Twenty-eight American soldiers were killed in Afghanistan in June, making it the deadliest month for U.S. troops since the war in Afghanistan began in 2001. Much of the spike in violence is attributed to a resurgent Taliban and al-Qaida, both in Afghanistan and in neighboring Pakistan.
Richard Clarke, who has served as a top counterterrorism adviser to every president since George H.W. Bush, tells Linda Wertheimer more troops are needed in Afghanistan to turn the situation around, but the troops are tied down in Iraq.
He says there is once again an al-Qaida sanctuary along the Afghan border in Pakistan, where people are being trained by al-Qaida to attack western interests, including the United States.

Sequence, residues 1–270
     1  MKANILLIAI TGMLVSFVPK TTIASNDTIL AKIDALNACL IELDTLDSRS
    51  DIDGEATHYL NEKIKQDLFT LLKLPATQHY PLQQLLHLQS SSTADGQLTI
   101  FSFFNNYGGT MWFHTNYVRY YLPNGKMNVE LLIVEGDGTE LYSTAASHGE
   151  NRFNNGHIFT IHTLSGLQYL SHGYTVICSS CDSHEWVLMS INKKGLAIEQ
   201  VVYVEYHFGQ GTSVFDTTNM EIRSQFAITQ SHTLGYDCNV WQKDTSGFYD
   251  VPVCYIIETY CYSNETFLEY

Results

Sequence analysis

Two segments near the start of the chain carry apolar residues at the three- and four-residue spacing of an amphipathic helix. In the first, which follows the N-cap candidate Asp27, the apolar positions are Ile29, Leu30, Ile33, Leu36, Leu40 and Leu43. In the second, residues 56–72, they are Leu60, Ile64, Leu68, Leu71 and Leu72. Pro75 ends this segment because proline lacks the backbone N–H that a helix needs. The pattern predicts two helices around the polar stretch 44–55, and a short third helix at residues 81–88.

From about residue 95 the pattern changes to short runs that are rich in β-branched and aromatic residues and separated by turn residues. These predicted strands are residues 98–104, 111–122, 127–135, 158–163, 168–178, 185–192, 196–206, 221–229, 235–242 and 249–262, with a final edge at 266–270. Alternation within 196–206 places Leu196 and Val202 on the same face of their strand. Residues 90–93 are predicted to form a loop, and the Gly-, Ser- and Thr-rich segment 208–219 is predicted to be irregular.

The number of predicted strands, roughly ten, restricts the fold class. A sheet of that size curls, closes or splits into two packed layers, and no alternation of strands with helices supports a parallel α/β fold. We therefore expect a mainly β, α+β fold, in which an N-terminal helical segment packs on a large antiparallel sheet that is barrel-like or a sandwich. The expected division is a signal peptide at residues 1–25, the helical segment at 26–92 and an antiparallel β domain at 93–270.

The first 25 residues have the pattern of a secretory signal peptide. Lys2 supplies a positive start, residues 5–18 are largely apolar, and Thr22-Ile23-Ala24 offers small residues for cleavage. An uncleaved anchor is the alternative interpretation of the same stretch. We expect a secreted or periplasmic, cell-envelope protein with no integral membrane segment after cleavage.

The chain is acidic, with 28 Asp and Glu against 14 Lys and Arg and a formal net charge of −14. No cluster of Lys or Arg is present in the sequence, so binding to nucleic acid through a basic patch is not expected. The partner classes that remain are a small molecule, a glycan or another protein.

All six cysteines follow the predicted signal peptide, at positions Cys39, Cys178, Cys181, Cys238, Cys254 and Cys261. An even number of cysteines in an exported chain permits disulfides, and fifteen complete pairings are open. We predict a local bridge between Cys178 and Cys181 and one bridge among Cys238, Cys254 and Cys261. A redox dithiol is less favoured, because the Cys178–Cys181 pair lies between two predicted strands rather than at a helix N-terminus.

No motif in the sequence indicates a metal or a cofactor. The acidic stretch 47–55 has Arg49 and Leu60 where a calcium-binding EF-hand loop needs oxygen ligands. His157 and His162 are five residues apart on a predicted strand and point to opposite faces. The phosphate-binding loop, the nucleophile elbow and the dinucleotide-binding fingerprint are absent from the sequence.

"There is only so much the United States can do without the cooperation of the Pakistani government," he says. "Frankly, we're not getting that cooperation. There are still elements within Pakistani intelligence who are supporting the Taliban."
According to Clarke, the U.S. should strike a new deal with the Pakistanis, telling them "if you cooperate in ending this sanctuary with the Taliban, we will help you … but we cannot have a sanctuary for al-Qaida again."